This Note indicates that both the district court's use of declaratory relief on the hatchery fish issue and the merits of its declaration on the environmental issue were entitled to affirmance. An analysis of the procedural history of the case suggests that the court should have decided the environmental issue. An analysis of the right to habitat protection reveals that habitat protection should be regarded as an implied term of the treaty right to take fish and that measuring the scope of the right by the tribes' moderate living needs fulfills the purpose of the treaty fishing clause. The measure of the state's duty to honor that right, however, needs further definition. Concern over acknowledgment of the Indians' right to habitat protection focuses on one real issue: the potentially disruptive effect on the state's development decisions. The cooperative approach taken by the Oregon district court in Sohappy v. Smith relieves this concern by providing workable guidelines for implementation of the treaty right. Sohappy, in which the state accords the Indians' rights weighted consideration, demonstrates that giving practical effect to the environmental right can be accomplished both effectively and economically through use of environmental procedures already in place.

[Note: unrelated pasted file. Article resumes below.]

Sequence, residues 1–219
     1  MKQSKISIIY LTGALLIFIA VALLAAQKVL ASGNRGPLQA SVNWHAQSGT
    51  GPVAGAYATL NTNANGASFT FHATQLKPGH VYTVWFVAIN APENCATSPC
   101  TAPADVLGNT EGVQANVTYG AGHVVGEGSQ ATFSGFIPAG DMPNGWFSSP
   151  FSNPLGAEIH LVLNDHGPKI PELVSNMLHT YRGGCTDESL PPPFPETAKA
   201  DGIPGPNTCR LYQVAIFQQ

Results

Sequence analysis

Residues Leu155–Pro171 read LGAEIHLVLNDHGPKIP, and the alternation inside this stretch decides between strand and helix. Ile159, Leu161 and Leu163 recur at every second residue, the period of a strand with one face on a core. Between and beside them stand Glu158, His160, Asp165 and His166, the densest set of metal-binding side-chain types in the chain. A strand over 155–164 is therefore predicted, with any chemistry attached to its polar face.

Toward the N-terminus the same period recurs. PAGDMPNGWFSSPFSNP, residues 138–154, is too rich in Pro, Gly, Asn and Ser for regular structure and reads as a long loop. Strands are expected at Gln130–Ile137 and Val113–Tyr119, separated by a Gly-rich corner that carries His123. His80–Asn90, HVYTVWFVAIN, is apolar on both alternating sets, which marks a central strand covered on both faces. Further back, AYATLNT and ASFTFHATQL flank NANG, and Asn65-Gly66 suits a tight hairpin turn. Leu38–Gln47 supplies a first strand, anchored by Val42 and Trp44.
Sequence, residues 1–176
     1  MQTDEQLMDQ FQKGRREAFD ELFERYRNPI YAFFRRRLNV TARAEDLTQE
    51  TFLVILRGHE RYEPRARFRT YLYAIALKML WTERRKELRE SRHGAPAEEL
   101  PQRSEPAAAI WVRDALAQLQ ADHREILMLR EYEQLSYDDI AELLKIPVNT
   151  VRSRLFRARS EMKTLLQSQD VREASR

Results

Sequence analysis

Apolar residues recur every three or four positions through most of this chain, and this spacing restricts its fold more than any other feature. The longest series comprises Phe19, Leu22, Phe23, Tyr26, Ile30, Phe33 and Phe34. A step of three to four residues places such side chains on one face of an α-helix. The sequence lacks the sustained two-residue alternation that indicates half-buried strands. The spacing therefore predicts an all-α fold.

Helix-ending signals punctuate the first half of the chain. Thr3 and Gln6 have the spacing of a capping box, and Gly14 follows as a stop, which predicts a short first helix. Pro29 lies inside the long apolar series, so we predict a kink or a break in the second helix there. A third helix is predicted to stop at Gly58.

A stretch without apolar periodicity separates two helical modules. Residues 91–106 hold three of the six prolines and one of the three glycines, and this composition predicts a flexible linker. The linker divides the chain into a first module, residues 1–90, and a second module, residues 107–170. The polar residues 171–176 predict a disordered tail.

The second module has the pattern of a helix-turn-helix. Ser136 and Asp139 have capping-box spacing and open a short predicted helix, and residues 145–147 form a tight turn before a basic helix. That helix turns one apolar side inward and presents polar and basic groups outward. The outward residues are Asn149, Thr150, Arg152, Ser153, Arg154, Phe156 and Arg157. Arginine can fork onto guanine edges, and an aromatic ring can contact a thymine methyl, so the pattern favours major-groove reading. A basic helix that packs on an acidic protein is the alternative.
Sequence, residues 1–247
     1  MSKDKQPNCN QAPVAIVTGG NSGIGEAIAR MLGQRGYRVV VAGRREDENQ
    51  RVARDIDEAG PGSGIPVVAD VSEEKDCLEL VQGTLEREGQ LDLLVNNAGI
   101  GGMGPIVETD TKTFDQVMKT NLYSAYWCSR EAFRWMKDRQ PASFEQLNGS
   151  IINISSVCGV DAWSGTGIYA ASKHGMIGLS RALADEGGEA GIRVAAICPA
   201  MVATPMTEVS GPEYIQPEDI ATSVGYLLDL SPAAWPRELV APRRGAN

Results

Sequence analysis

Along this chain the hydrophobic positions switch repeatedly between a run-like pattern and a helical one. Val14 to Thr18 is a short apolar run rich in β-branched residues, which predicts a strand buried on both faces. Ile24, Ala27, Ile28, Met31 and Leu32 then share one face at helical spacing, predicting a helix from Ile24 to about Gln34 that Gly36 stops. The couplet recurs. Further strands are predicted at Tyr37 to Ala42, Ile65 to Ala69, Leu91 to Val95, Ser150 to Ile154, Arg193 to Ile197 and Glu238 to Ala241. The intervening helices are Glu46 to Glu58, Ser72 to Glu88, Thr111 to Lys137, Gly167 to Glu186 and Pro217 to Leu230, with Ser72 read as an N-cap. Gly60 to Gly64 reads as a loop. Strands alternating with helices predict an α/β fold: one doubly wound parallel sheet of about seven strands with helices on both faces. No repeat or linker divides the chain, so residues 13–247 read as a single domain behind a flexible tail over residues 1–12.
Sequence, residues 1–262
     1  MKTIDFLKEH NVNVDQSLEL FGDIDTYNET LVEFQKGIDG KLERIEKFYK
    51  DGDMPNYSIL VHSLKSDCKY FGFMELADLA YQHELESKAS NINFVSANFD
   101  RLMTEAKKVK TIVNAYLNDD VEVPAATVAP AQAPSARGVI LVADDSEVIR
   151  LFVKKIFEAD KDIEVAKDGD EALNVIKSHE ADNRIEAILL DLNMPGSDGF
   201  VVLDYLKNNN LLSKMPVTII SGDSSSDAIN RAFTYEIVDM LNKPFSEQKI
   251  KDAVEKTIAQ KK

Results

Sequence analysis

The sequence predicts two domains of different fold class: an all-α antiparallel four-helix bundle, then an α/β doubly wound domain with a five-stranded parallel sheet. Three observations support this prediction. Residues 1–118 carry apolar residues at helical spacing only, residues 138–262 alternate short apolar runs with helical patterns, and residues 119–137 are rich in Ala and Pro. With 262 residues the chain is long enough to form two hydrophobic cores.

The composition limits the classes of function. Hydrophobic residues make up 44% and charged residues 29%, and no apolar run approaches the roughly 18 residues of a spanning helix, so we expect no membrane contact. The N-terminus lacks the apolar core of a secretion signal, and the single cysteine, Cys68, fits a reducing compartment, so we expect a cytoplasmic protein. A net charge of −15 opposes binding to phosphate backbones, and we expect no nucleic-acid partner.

Judith W. Constans,
The Environmental Right to Habitat Protection: A Sohappy Solution—United States v. Washington, 759 F.2d 1353 9th Cir.), cert. denied, 106 S. Ct. 407 (1985),
61 Wash. L. Rev.
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